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Rock Out with Your Cork Out

AC/DC, Snow Patrol and Train take the stage as the newest band of bands to hit the bottle

Posted: August 18, 2011

• For those about Shiraz, we saaaaluuuuute you! Now that the obligatory hit-song wine pun is out of the way, AC/DC, most fondly known by Unfiltered for rock classics like "Dirty Deeds Done Dirt Cheap" and "Big Balls," is taking a cue from fellow 20th century music stars the Rolling Stones, Pink Floyd and Madonna, selling a line of self-branded wines made by someone else, in AC/DC's case, Australia's Warburn Estate. The wines, from Barossa, Coonawarra and New Zealand's Marlborough, feature adaptations of classic AC/DC album covers on the labels and are only available in Australia for now. Priced at a little under $20, the line features Back in Black Shiraz, Highway to Hell Cabernet Sauvignon, Hells Bells Sauvignon Blanc and You Shook Me All Night Long Moscato, meaning that we now must all grudgingly accept that Moscato is, in fact, totally metal.

• In 2009, Andrew Roper of Wines to the Stars raised more than $60,000 in a joint effort with Paul Stanley of KISS for the Victorian Fire Appeal. After this summer's (that's your winter, northern hemispherers) record vineyard floods, he was once again inspired to bring wine and rock together for the Australian Red Cross. In collaboration with the Glasgow, Scotland-based alternative rock band Snow Patrol, six exclusive 6-liter Methuselahs (a pair of 9-liter bottles were made as well) of Teusner Shiraz Barossa Valley 2008 have been created to raise funds for those affected by the floods in Queensland and Victoria. “It is important to use what you are passionate about most to raise as much possible awareness and funds for those less fortunate,” Roper told Unfiltered. The wine takes its name from Snow Patrol’s 2008 album A Hundred Million Suns and the band members signed each label. The live Red Cross Appeal Auction will take place in September, though bids on the bottles are already coming in at more than $3,500 each. Unfiltered can't help but feel even sorrier for the Aussies now—we get that some sunshine might help out after a flood, but to a wine industry devastated by record-breaking heat waves in 2008 and 2009, not to mention the subsequent wildfires, the thought of "a hundred million suns" must be terrifying.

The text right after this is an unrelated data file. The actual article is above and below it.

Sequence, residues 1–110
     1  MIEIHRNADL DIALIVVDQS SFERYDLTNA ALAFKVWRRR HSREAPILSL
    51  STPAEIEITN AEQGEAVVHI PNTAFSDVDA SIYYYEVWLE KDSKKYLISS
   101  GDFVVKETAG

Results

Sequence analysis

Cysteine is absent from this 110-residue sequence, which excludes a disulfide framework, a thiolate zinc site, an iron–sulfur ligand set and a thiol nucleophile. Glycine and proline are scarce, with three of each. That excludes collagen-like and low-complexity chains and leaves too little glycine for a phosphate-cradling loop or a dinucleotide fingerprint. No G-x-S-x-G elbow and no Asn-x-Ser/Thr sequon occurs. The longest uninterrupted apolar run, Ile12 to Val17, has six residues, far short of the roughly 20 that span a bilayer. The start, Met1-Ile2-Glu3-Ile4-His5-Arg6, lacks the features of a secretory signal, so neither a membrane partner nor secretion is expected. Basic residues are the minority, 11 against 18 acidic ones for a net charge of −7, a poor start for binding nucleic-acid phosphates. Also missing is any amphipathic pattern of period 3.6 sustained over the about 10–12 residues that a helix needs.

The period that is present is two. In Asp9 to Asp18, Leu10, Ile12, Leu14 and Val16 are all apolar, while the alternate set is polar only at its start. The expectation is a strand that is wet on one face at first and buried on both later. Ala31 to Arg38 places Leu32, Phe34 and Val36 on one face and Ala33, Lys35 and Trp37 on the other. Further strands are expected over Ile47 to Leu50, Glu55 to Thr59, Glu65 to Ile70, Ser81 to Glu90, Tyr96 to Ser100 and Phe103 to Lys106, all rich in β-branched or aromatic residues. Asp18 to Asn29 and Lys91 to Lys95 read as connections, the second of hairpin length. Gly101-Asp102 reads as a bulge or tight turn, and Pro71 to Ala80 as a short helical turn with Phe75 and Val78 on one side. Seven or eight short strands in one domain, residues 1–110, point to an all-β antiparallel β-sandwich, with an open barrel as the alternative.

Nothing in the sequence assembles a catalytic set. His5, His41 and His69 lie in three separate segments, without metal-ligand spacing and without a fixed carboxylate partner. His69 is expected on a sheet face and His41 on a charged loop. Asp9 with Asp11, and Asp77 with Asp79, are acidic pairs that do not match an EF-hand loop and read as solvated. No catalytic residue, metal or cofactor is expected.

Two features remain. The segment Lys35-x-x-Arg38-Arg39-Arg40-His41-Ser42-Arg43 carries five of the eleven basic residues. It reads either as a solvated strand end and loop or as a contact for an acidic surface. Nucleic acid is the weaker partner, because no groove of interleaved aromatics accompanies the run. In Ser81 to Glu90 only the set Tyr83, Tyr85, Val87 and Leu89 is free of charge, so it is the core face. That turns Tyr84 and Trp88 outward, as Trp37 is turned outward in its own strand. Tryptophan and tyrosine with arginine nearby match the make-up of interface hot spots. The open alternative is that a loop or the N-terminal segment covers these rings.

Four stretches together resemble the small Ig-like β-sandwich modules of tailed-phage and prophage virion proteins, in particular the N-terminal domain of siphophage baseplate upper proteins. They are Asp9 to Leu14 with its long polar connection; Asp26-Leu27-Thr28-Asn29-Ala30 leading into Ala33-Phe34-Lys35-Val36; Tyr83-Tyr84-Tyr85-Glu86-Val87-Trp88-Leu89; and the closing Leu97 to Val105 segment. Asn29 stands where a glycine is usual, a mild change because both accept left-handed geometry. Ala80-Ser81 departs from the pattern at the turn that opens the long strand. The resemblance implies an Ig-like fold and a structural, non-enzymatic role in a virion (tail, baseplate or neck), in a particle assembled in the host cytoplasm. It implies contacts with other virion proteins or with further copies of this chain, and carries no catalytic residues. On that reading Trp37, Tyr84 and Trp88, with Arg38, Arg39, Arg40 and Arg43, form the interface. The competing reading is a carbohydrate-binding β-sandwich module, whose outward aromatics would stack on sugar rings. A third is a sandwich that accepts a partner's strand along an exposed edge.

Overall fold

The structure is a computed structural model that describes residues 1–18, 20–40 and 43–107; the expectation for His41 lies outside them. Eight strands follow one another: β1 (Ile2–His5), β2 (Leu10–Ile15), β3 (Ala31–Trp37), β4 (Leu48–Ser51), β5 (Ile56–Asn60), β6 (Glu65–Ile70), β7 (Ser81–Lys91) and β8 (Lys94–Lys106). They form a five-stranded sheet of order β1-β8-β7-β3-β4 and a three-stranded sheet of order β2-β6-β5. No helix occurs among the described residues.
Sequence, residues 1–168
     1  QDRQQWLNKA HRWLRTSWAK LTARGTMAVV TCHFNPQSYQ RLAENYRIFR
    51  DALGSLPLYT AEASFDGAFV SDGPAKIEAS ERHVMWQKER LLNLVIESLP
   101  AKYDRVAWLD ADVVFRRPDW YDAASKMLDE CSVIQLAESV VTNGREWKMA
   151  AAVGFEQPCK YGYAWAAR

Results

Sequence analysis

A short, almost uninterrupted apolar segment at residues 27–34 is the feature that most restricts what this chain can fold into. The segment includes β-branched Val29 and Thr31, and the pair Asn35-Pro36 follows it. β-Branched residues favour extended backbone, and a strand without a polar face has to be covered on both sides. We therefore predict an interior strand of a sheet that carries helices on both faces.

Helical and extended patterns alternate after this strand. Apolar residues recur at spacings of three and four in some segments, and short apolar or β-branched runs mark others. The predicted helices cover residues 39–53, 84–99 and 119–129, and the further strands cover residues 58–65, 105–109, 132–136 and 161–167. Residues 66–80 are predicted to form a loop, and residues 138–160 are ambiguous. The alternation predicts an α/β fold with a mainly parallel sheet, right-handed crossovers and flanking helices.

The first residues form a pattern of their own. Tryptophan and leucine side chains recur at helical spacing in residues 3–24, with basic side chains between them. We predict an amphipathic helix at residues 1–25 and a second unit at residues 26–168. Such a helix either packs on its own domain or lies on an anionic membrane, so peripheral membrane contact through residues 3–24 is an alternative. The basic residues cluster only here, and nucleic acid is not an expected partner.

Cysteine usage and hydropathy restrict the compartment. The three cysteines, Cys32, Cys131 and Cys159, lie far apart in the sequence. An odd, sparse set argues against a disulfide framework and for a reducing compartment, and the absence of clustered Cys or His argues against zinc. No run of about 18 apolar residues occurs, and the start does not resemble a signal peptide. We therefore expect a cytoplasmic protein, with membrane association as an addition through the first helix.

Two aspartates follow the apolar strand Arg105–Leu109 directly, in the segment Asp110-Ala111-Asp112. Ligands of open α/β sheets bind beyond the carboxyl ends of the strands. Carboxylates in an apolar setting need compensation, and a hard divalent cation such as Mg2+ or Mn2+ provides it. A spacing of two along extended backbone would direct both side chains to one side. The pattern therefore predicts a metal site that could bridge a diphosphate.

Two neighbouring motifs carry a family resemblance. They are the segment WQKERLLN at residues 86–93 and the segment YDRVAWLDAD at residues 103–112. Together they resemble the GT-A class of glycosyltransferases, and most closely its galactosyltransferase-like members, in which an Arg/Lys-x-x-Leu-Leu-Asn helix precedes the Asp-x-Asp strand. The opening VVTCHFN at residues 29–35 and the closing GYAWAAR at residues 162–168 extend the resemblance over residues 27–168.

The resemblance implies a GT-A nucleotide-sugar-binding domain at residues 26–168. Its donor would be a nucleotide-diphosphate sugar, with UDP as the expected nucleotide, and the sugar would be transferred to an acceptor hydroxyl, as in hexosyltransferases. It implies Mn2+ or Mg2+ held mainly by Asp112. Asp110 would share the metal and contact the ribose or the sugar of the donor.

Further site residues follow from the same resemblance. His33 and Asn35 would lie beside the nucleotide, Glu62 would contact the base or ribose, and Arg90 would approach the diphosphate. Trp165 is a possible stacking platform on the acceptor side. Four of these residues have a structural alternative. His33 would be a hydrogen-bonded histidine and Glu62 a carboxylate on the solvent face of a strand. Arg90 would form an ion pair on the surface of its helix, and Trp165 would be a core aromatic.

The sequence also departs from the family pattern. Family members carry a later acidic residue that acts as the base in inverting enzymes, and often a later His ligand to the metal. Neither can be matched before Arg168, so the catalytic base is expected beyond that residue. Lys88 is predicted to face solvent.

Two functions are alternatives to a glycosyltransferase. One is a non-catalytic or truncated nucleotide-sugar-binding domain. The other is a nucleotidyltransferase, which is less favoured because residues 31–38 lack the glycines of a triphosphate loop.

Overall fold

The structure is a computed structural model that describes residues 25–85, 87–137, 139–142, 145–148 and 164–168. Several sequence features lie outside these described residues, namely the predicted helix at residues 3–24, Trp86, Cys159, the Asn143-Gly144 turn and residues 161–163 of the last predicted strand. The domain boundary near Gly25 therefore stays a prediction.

• "Hey all. My name is Jimmy Stafford." ("Hi Jimmy.") "I'm in that band Train and I happen to like wine." No, the Train guitarist isn't the latest addition to Celebrity Rehab with Dr. Drew. That's just how he's introducing the band's new wine, Drops of Jupiter Petite Sirah 2009. Stafford in fact loves wine. He has a wine cellar in his "man cave" and always seeks out local wines on the band's regular world tours (with the exception of Riesling—he sticks to bier in Germany). Drops of Jupiter, made in partnership with Concannon Vineyards for the Save Me, San Francisco Wine Co., was released a few weeks ago at $10 a bottle, a portion of which will be donated to Family House, a non-profit that assists families of seriously ill children at San Francisco's Benioff Children's Hospital. The wine will also be available at many of their upcoming tour venues for those who are cool enough—or lame enough? We're not sure which—to drink wine at a rock concert. Fans of the band will instantly recognize "Drops of Jupiter" as Train's biggest hit, which won the 2001 Grammy for Best Rock Song. For those who can't quite place it, go ahead and Google it, just like we did. But don't come whining to us when that massive adult contemporary rock hit you never knew the name of is stuck in your head for the rest of the week.

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